Table 1
Table 1
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Seventy-four women (3%, 95% CI 2.5–4.0%) reported symptoms of prolapse in the previous 3 months (Table 2). The prevalence of symptomatic prolapse varied by race ethnicity, from 1% of African-American women to 5% of Latina women (P=.002). Among these women, 61 (82%) reported a feeling of bulging, pressure, or protrusion from the vagina, 46 (62%) reported visible bulging or protrusion from the vagina, and 33 (45%) reported both symptoms. There was a trend toward increasing degree of bother in Latina women compared with other racial groups, with 41% of Latina women reporting moderate to extreme bother compared with 20% of white women, 20% of Asian women, and 17% of African-American women; however, the test for heterogeneity did not reach statistical significance (P=.10; Latina women compared with African-American women: OR 3.4, 95% CI 0.6–18.2).

Table 2
Table 2
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Degree of prolapse by POP-Q stage was similar across all racial groups (stage 0: 6–8%, stage I: 24–29%, stage II: 64–69%, and stage III or greater: 0–1%; P=.84; Table 2). Sixty-six percent of women who underwent physical examination had stage II prolapse, with 23% of those having the leading edge of prolapse 0 cm or more from the hymen. Report of moderate to extreme bother increased with POP-Q stage and was reported by 10% of women with stage 0 or I, 26% of women with stage II, 75% of women with stage III, and 100% of women with stage IV prolapse (Spearman correlation coefficient=0.36; P=.001).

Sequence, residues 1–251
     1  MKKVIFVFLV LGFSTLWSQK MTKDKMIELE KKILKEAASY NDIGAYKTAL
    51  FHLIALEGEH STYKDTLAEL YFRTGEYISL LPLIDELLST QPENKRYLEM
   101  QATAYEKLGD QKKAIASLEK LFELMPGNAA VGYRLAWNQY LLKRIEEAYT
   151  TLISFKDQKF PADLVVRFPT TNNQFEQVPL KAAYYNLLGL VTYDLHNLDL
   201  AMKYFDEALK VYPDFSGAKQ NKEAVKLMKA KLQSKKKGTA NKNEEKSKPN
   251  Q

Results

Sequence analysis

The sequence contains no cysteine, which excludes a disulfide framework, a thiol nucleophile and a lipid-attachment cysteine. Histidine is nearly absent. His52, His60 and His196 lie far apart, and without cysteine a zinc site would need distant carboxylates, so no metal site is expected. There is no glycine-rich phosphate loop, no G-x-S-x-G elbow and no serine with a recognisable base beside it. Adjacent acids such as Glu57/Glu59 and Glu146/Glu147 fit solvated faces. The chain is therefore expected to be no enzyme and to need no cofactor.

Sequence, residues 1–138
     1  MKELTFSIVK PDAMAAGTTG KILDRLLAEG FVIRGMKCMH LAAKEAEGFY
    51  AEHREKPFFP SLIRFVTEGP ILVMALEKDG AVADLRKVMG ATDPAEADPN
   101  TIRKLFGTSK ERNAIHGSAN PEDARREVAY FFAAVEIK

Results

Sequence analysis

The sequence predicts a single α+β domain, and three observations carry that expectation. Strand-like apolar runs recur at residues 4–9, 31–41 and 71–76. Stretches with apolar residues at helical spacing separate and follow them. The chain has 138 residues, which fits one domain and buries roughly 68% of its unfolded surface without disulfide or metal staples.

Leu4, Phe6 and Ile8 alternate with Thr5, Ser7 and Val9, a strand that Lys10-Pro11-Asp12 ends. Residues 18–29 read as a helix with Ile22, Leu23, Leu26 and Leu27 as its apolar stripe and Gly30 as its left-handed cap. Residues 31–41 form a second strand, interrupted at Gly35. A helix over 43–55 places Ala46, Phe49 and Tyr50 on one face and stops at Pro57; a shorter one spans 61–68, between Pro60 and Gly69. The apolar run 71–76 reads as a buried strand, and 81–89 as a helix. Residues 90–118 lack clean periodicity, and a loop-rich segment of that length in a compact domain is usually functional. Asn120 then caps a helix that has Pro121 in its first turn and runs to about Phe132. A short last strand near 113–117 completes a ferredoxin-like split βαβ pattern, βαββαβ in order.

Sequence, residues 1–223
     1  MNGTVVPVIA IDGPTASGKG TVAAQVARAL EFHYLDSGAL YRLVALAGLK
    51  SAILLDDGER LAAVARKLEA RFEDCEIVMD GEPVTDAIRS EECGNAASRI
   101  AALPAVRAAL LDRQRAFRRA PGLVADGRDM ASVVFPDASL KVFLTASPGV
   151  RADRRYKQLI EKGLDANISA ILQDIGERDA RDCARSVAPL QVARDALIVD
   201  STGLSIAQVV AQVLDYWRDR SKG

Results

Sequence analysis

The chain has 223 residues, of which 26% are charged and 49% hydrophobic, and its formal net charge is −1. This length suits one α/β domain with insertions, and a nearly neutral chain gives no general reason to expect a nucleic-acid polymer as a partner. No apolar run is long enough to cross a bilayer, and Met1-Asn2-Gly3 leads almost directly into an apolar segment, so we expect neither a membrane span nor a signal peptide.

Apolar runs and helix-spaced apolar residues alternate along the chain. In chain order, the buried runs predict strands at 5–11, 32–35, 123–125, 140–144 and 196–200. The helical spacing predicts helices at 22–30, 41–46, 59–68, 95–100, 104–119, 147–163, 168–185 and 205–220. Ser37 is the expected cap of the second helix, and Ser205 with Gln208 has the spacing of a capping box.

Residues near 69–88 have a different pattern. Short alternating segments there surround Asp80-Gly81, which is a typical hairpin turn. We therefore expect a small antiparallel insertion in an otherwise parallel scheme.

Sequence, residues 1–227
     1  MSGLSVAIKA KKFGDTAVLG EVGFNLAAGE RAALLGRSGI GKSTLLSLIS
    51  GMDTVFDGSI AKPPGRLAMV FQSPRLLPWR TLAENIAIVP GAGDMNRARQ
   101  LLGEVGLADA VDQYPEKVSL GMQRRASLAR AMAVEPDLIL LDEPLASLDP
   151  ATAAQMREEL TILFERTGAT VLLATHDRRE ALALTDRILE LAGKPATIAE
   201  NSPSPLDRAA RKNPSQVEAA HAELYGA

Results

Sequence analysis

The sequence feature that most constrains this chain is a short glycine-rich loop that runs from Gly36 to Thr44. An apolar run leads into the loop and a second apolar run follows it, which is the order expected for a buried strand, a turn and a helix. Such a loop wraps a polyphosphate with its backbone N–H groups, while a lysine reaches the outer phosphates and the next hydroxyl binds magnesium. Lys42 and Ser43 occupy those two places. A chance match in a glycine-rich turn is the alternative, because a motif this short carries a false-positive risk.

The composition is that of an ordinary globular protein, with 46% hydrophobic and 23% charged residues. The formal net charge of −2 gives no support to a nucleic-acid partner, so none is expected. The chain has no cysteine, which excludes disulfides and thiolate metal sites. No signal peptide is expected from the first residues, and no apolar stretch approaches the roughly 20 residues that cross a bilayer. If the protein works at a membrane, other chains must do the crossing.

Factors independently associated with symptomatic prolapse in multivariable analyses were white and Latina race compared with African-American race and less than college level of education (Table 3). Factors independently associated with the leading edge of prolapse at or beyond the hymen were white race compared with African-American race, age, BMI, and vaginal delivery. Factors independently associated with POP-Q stage II or greater were age, BMI, diabetes mellitus, and vaginal delivery.

Table 3
Table 3
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DISCUSSION

In this diverse, population-based cohort, we found significant differences in the prevalence of symptomatic prolapse, with white and Latina women having the highest prevalence, followed by Asian and African-American women. After adjustment for multiple risk factors, Latina and white women had four to five times the risk of symptomatic prolapse, and white women had 40% higher risk of objective prolapse with the leading edge of prolapse at or beyond the hymen, compared with African-American women.